3.     Start with qualitative research to prioritize memory-making moments that spark emotion. Don’t skip the qualitative research. The first and most significant change firms should make is to flip where they’re investing in their analysis of customer emotion. They should start with ethnographic work, contextual interviews, focus groups, and the qualitative comments in customer feedback and then turn to the results of their quantitative surveys. A qualitative approach will save you time in the long run. It helps you map the emotional curve and prioritize memory-making moments that spark emotion when it comes to designing and measuring journeys. It also enables you to acknowledge how your products and services fit into customers’ lives, not the other way around.

Check out the emotional curve of a home-buying journey based on qualitative research: When it comes to employee journeys, doing qualitative research (and observing employees at work) helps identify fluctuating emotions, flow, physical context, distractions, workload, inclusivity, number of tools needed to perform a task, workarounds, self-care, time for recovery, and drivers, all of which can positively or negatively impact mental health.

Companies can use journey mapping to make mental health a priority and intentionally build in time for off-job recovery. Managers can enable people to take better care of themselves by modeling the behavior themselves. Programs to “reclaim your day” help employees manage their time, emotions, and calendar. Recording meetings helps accommodate people in different time zones and those unable to attend a meeting due to other priorities. Emotional intelligence skills such as empathy become essential to pick up on signs of colleague disconnection and fatigue. Because the nature of the technology encourages a focus on tasks at the expense of human connection, embracing shared life moments and on- and off-screen distractions can help bring in humanity. And warm-up exercises and fun activities, rather than frivolous ones, should provide meaningful opportunities to connect.

4.     Honour emotions, build emotional trust, and make amends when you breach that trust. Smart firms engage in a conversation about emotions and expectations with customers, employees, and partners. They build emotional skills that drive empathy and help employees express and coregulate emotions. They continuously and deliberately scrutinize disconnects between emotion and context (emotions and events). When an expectation is not met, they apologize and enable employees to make things right.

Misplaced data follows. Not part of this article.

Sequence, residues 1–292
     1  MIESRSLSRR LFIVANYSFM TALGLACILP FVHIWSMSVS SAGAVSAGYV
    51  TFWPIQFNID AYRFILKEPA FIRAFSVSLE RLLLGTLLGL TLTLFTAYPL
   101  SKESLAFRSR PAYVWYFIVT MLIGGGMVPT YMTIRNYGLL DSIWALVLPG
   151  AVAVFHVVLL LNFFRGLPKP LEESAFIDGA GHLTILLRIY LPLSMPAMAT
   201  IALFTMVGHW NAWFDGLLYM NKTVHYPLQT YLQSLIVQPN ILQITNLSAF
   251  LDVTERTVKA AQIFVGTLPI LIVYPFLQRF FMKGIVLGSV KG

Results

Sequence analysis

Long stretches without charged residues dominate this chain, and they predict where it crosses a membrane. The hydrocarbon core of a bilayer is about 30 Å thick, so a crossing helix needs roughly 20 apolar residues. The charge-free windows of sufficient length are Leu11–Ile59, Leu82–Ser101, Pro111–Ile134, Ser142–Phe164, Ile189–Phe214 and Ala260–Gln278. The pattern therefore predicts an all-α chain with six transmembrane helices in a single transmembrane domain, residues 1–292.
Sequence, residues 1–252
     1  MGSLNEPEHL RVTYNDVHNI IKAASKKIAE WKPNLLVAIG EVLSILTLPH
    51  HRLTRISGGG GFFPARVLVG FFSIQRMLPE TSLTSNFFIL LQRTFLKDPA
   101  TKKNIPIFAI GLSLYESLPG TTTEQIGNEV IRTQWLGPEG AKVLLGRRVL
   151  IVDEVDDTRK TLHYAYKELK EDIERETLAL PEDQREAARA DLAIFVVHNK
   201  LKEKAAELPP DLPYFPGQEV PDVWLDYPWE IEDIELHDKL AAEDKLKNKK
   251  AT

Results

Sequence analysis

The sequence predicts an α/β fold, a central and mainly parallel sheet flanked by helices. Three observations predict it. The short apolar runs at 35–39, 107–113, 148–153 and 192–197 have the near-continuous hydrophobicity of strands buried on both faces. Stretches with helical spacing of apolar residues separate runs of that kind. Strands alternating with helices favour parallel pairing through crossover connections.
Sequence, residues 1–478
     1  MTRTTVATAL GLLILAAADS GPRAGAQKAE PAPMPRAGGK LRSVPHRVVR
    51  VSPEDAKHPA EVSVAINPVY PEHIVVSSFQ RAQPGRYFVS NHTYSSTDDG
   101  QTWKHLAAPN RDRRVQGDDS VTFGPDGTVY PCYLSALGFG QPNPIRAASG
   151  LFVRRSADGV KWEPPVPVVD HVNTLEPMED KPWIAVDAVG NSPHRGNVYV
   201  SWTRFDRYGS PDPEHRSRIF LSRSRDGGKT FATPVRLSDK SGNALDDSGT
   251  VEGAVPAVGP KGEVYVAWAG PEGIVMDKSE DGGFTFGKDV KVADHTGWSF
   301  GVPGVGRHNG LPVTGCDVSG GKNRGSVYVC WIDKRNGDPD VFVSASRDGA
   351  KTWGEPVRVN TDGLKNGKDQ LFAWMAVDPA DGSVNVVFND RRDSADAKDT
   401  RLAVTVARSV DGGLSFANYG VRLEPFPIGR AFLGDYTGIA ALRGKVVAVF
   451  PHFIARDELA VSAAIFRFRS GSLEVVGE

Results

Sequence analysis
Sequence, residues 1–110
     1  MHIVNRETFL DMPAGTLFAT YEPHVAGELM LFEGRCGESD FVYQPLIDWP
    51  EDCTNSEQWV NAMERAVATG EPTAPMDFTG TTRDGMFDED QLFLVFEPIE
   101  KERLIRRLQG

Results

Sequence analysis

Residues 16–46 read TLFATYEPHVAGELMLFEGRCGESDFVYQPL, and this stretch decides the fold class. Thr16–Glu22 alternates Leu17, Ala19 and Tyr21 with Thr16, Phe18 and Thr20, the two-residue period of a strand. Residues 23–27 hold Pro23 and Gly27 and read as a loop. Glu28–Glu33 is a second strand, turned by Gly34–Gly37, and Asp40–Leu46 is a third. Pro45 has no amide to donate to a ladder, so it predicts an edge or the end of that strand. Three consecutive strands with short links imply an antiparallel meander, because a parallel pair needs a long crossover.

When Swedish brand Stronger failed twice to deliver a package to one of its customers, it tracked down the parcel, refunded the customer, and sent her a “PlzForgiveUs” 20% discount code. If you breach emotional trust (make-or-break moments when we let customers or employees down, not respecting them as people), you need to accept responsibility, apologize, and make a gesture that is emotionally attuned. Map key employee journeys, establish trust with employees to elicit truly candid feedback and be on the lookout for employee experience (EX) policies that could lead to employees feeling demoralized and traumatized.

Employee journey mapping can help you move away from quickly outdated, annual employee surveys to a more continuous collection of employee feedback that can help eliminate callous policies and expose contradictions in the employee experience that could lead to mental health issues. One company’s maternity leave policy required that the employee change the type of leave from maternity to paid time in cases where the newborn passed away during or shortly after the birth. Eliminating obviously wrong EX policies and building emotional skills are essential to employee well-being.

It’s time we started honoring emotions in the workplace as the brilliant messengers they are.

The original article by Joana de Quintanilha, vice president and principal analyst at Forrester, is here.

The views and opinions expressed in this article are those of the author and do not necessarily reflect those of DigitalWorkforceTrends. Image credit: iStockphoto/lemono